Of the soft, grey, gentle skies. Of the bare trees etched against those skies like the finest of pen and ink drawings. Of the dark evenings that, unlike later in winter, have always seemed more like graceful benedictions to our days than cold/black/suffocating. Of the geese searching for food on frozen ground. Of the church songs I love, deep in my being. Of lights and bells and the sound of my daughter’s laugh as she watches Elf for the 89th time. Of the story of a girl, because that’s what Mary was, just a girl, chosen for reasons beyond her comprehension to be the bearer (literally) of a story and a life that had (has) the potential to change the world.
I even love the way the word sounds, like a blessing the way it rolls off the tongue. And I love finding just the right gift for the dear ones I love most. And I love baking cookies. And the being together of it all.
Today is the first day of this most treasured month of mine. But instead of waking up joyful at the realization, I woke up mad/sad/heartbroken at…all of it. At all the world. At the way this godawful 2016 has loosed its wrath in a thousand vicious ways, as if mercy was forgotten long ago and hate and fear have now taken up permanent residence in the space it once filled.
We can be so damn cruel to each other, y’all. And we especially like to do this behind the supposed mighty fortress of social media. We like to summon the cruelty too, when we’re hurting ourselves, using it as a poor defense mechanism against whatever or whoever has caused us pain. “Hurting people hurt others,” I once heard a colleague say. And she’s right.
We’re angry, y’all. Collectively so anxious and strung out we can’t even be civil to one another.
Meanwhile the Smoky Mountains are on fire. And people’s lives and homes and livelihoods are wrecked in the flames. Meanwhile native Americans desperate to be heard are singularly and even violently ignored. Meanwhile we can’t figure out a way for every American to have decent and affordable healthcare. Meanwhile we continue to demonize, stereotype and assume the worst about both police officers and young black men.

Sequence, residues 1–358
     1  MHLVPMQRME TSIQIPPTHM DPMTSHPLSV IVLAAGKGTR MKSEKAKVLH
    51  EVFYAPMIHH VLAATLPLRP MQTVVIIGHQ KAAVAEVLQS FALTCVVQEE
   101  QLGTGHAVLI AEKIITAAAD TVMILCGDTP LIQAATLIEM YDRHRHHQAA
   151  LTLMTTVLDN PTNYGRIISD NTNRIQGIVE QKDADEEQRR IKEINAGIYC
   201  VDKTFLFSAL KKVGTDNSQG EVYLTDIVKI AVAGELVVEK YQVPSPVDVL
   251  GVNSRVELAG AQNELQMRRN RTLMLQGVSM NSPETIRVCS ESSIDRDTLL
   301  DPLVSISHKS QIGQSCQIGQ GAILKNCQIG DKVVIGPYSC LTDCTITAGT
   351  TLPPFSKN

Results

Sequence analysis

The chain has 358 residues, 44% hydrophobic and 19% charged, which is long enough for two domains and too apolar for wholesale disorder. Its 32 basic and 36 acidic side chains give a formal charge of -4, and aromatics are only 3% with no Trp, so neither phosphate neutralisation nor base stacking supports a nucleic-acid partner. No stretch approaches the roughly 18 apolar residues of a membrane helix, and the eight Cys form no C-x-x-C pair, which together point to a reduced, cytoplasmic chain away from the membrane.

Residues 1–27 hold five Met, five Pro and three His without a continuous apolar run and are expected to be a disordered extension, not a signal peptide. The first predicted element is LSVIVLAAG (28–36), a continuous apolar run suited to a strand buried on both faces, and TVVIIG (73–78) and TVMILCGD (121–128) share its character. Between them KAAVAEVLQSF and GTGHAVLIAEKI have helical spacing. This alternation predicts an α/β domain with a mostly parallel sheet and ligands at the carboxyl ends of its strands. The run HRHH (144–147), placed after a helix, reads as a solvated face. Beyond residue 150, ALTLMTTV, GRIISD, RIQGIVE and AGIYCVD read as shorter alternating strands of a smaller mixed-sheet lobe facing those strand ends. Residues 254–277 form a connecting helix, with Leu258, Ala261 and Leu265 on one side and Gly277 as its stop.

And we paint into a selective corner anyone who disagrees with us politically or theologically. And we lock up young adults in prison instead of investing in treatment and therapy. And we pledge allegiance to the red, white and blue and then treat her bravest sons and daughters like they don’t even matter when they come home from war. And we point fingers. And place blame. And judge the whole rainbow of God’s children for everything from our parenting choices to who we choose to love to the color of our skin to our political persuasions to our houses of worship.
Meanwhile, there’s a baby trying to be born. Into the madness. Into the chaos. Into the utter rage of our lives. A baby who simply wants his life to bear witness to the truth that Love matters and that we can do better than this.
Meanwhile, my precious Curly Girl, despite what life has handed her, smiles and loves and sings and declares that that same life is still good.
Meanwhile, the story of my own faith speaks first, forgiveness. First, mercy. First, grace. Over and above any and all other things.
And with it the tiniest glimmer of hope. Persistent and determined and fierce. Gritty in its insistence. Perfect in its possibility.
The smallest sliver of hope. That all will, in fact, be well. Somehow. In the blessed fullness of time. All will, in fact, be well.
And so maybe the right response to this first day of December is to hold on to what hope we have available. And act out of it, even when it seems futile. And live out of it, even when it seems insane to do so. And speak out of it, even when words are hard to find. And trust that out of the mess we’ve either made or found ourselves in there is something good to be claimed from the wreckage. Something whole. Something true.
Something that will lead us into the graceful and holy light of a quiet December morning. To simply be made new.